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Filigree Technique

The process of the art of filigree starts with the melting and the mixing of the pure gold or silver grains with another metal in a high temperature kiln. The most common metals we use are copper or zinc. The type and the amount of metal determine the colour and the carat of the final piece of jewellery.
Next, we pour the molten gold or silver alloy into a mould to form an ingot a few centimetres thick. This is pressed and stretched through a mill to produce wires of different thickness.From these wires, the outer framework is designed and formed. The filling of the framework is quite elaborate, performed by our special trained artisans.

Two thin wires are plaited, flattened and heated. They are subsequently cut into various lengths. Each length is coiled to form intricate spiral and scrolling patterns. “Ghajn u gorn”, “Matti”, “Genwiz” and “Skratac” are all different types of scrolls and spirals and are typical Maltese filigree patterns.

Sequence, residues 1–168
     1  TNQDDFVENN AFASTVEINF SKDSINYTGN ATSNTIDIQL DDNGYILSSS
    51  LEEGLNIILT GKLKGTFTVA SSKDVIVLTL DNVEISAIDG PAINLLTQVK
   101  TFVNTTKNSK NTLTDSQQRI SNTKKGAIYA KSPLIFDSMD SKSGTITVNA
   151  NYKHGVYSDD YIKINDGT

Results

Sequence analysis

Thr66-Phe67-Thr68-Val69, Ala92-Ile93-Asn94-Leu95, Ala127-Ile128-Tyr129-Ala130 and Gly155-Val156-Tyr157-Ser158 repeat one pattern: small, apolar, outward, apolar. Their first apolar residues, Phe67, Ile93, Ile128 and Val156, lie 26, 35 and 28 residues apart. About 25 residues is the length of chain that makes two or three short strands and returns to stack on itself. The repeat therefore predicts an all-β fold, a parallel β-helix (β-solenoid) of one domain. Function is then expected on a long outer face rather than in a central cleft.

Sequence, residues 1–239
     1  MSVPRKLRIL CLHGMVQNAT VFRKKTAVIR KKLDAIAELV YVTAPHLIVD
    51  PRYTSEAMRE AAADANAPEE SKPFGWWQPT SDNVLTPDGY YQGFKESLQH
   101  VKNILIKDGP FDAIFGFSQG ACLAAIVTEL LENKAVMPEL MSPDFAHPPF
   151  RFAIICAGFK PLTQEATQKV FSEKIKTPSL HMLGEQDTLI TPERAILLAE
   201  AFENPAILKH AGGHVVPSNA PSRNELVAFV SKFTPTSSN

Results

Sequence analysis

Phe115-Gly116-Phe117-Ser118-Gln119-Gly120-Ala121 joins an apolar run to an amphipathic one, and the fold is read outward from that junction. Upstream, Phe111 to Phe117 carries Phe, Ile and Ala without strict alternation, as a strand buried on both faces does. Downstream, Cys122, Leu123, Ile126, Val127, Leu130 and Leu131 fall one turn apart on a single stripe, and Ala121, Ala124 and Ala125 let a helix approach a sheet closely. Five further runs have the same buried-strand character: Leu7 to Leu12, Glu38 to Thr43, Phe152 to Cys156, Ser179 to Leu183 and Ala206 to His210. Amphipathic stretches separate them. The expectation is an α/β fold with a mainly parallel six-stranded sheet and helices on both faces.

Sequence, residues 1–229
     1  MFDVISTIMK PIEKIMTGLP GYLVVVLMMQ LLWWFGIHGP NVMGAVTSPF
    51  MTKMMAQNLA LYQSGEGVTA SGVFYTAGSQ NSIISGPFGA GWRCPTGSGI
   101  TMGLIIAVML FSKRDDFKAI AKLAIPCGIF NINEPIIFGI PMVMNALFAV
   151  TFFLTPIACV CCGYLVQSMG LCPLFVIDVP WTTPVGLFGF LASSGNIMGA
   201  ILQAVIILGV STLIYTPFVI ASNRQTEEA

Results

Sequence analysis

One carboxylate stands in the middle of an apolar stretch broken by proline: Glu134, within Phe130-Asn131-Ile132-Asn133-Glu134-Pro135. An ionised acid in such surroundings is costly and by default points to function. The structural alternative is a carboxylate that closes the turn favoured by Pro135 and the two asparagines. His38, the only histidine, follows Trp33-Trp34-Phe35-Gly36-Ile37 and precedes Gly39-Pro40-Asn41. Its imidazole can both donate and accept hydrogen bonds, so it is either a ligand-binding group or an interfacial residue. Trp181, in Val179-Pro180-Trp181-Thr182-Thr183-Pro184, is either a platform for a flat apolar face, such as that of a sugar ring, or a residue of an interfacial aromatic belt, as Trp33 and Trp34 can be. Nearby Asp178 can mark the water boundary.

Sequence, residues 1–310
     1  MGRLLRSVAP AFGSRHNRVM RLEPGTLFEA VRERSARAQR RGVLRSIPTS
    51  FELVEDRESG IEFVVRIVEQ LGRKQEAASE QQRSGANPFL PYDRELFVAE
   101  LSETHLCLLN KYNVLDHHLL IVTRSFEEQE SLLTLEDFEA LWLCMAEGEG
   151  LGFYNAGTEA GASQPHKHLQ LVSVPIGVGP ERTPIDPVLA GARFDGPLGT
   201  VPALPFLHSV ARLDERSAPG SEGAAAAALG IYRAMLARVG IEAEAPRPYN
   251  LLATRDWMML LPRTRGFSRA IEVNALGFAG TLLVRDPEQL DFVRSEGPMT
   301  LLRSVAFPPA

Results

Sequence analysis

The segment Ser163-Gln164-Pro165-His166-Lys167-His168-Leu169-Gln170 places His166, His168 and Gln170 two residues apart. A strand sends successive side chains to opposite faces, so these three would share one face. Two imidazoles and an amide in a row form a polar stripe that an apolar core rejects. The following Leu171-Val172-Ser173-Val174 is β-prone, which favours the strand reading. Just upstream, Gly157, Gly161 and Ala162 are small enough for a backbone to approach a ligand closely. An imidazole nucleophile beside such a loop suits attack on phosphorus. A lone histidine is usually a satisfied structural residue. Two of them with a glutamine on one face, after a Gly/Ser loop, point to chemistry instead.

Using only a pair of tweezers and their fingers, the artisans fill the spaces of the framework to produce the beautiful open work of the filigree jewellery. The pieces are then soldered together with a brazing alloy.

The jewellery piece is dipped in a hot solution of sulphuric acid to remove the impurities and then polished in a rumbling machine. The final step is the electro-plating of the filigree jewellery.

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